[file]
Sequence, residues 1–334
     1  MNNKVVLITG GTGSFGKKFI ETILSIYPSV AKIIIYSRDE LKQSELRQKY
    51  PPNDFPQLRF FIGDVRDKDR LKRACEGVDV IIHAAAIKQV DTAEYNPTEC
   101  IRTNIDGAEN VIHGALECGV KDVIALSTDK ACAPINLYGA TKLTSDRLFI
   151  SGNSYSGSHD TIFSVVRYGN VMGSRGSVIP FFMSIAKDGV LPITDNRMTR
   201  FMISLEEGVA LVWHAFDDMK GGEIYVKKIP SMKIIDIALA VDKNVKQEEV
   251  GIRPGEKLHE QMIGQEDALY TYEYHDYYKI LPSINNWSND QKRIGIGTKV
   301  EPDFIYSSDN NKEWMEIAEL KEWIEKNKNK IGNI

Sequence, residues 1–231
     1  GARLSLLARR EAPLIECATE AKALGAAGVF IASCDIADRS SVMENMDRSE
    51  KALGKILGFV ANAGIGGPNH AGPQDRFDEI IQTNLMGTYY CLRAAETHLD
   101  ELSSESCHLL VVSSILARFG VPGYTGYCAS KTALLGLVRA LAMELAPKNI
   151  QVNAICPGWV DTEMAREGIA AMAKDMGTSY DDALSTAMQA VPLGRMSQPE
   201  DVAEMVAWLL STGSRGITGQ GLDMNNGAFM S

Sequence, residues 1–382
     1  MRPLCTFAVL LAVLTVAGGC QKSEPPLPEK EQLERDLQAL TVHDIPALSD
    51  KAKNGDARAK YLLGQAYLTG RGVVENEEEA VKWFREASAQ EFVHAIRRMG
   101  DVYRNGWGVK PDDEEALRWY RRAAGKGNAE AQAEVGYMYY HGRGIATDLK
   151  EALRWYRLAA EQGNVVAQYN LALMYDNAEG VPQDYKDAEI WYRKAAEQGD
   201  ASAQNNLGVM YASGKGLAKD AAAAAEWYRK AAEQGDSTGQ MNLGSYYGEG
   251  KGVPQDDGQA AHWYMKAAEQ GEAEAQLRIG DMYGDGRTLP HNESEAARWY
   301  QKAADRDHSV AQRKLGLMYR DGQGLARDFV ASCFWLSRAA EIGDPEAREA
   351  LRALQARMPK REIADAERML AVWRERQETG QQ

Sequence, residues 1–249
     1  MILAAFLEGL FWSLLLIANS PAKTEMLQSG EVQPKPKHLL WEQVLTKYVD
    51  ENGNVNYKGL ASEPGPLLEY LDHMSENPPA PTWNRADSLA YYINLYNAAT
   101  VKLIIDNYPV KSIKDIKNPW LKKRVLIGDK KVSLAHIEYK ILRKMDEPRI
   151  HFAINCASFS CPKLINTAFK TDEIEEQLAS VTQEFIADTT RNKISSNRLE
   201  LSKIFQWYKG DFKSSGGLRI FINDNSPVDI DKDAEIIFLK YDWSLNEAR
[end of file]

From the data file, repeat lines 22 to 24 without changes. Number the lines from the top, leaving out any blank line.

   301  QKAADRDHSV AQRKLGLMYR DGQGLARDFV ASCFWLSRAA EIGDPEAREA
   351  LRALQARMPK REIADAERML AVWRERQETG QQ

Sequence, residues 1–249